Whether Americans today sin more frequently or less frequently than they did when I was a boy growing up in the 1950s is difficult to say. Yet this much is certain: Back then, on matters related to sex and family, a rough congruity existed between prevailing American cultural norms and the traditional teachings of the Catholic Church. Today that is no longer the case. If any doubts persisted on that point, the Supreme Court decision in the case of Obergefell v. Hodges, legalizing gay marriage, demolished them once and for all.

During the early days of the Cold War, when it came to marriage, divorce, abortion, and sex out of wedlock—not to mention a shared antipathy for communism—Washington and Rome may not have been in lockstep, but they marched to pretty much the same tune. As for homosexuality, well, it ranked among those subjects consigned to the category of unmentionables. 

No doubt the hypocrisy quotient among those upholding various prohibitions on what Americans could do in the privacy of their own bedroom or the backseat of their father’s car was considerable. But for a nation locked in an existential struggle against a godless adversary, paying lip service to such norms was part of what it meant to be “under God.” 

Cold War-era sexual mores had implications for U.S. foreign policy. Even if honored only in the breach, the prevailing code—sex consigned to monogamous heterosexual relationships sanctified by marriage—imparted legitimacy to the exercise of American power. In measured doses, self-restraint and self-denial offered indicators of collective moral fiber. By professing respect for God’s law, we positioned ourselves on his side. It followed that he was on ours. Here was American chosenness affirmed. Certainty that the United States enjoyed divine favor made it possible to excuse a multitude of transgressions committed in the name of defending a conception of freedom ostensibly mindful of God’s own strictures.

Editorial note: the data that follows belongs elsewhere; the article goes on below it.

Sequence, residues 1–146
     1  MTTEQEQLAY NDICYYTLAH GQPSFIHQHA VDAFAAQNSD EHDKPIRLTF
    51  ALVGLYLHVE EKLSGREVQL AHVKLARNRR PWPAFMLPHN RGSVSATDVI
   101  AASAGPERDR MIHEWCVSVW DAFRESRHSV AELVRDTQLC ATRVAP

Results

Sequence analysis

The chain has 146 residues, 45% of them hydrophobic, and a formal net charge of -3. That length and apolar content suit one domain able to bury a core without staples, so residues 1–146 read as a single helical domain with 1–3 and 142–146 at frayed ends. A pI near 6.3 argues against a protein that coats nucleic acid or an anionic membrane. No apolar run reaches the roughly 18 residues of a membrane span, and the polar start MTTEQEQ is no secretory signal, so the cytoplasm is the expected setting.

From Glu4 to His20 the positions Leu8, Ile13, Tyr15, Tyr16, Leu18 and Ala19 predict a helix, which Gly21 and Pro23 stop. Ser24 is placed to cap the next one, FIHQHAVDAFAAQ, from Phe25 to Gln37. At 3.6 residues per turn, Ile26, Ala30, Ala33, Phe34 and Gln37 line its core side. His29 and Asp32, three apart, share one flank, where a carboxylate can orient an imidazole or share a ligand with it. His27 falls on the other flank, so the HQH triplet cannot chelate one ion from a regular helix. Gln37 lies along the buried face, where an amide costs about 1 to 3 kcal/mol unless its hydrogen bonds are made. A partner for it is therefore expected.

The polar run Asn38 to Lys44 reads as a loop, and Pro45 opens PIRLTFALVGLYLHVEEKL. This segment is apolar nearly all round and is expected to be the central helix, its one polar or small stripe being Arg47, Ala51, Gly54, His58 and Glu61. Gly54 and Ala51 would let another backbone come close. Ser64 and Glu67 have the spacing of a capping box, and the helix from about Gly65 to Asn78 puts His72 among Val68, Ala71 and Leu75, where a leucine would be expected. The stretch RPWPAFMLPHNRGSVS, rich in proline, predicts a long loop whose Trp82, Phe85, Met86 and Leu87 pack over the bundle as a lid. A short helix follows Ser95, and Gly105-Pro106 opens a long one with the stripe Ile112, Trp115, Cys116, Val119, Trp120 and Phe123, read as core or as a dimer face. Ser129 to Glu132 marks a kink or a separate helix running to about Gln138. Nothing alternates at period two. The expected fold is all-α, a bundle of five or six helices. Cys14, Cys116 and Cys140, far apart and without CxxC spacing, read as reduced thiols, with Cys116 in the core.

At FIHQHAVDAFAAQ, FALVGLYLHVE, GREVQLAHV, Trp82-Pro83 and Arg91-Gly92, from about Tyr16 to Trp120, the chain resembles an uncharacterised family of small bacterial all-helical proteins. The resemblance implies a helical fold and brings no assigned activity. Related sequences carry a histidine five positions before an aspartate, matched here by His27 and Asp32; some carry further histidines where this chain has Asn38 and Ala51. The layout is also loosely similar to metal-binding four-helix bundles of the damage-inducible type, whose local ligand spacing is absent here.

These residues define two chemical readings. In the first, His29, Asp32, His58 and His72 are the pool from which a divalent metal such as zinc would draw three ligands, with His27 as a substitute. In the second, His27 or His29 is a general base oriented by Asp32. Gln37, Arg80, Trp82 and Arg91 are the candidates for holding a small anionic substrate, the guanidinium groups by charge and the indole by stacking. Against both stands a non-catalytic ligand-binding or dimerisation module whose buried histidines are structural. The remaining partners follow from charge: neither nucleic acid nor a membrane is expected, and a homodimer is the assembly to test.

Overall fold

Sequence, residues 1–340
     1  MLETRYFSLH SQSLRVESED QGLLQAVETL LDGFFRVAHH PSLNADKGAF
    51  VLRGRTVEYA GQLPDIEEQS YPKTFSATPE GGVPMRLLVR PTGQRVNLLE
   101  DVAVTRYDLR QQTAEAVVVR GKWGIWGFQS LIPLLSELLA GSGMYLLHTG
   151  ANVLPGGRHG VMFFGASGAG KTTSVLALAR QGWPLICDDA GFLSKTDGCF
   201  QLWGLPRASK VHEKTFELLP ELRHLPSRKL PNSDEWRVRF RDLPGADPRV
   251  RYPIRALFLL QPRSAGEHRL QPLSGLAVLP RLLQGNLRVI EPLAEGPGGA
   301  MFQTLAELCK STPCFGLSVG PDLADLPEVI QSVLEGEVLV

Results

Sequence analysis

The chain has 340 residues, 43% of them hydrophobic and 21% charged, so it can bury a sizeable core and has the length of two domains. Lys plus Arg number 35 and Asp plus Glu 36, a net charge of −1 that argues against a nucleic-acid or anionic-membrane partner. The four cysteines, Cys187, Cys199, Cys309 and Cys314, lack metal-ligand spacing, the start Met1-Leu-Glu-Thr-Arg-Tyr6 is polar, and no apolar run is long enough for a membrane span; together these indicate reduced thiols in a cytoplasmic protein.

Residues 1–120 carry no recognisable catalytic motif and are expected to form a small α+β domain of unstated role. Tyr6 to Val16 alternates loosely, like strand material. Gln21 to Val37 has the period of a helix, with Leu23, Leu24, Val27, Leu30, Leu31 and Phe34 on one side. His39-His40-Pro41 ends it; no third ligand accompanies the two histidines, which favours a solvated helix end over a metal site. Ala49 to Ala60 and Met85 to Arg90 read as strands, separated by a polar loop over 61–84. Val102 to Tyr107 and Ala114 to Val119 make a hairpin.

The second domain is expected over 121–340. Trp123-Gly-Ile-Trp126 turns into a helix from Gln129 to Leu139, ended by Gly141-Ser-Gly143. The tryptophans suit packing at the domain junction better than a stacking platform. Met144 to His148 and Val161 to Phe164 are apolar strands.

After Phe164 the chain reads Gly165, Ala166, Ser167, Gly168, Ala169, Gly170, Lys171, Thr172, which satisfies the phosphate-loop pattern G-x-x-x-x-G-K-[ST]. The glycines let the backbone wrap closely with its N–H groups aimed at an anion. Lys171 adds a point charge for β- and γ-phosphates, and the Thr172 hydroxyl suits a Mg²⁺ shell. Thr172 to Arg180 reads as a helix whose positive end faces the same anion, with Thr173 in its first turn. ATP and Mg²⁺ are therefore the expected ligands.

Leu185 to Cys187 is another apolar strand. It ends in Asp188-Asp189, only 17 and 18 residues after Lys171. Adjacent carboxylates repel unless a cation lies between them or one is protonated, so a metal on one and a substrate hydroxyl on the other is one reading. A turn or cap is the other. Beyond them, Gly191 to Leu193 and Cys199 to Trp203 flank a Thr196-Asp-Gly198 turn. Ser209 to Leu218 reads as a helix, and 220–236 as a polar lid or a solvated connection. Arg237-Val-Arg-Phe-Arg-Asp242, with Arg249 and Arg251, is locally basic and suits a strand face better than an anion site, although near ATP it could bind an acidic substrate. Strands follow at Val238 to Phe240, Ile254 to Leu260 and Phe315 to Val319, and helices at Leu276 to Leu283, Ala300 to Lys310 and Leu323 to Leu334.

The justices who voted in favor of gay marriage don’t care a lick about whether the United States is “under God” or not. On that score, however dubious their reading of the Constitution, they have accurately gauged the signs of the times. The people of “thou shall not” have long since become the people of “whatever,” with obligations deriving from moral tradition subordinated to claims of individual autonomy.  That’s the way we like it. August members of the Supreme Court have now given their seal of approval. 

Their decision highlights just how attenuated the putative link between God’s law and American freedom has become. As a force in American politics, religion is in retreat. True, even today politicians adhere to rituals that retain religious overtones. For example, the National Prayer Breakfast that President Eisenhower instituted in 1953 remains a fixture on Washington’s calendar. Yet this is an exercise in nostalgia, devoid of substance. Some symbols matter—like displaying the Confederate battle flag, for example. Others—like emblazoning your currency with “In God We Trust”—don’t mean squat.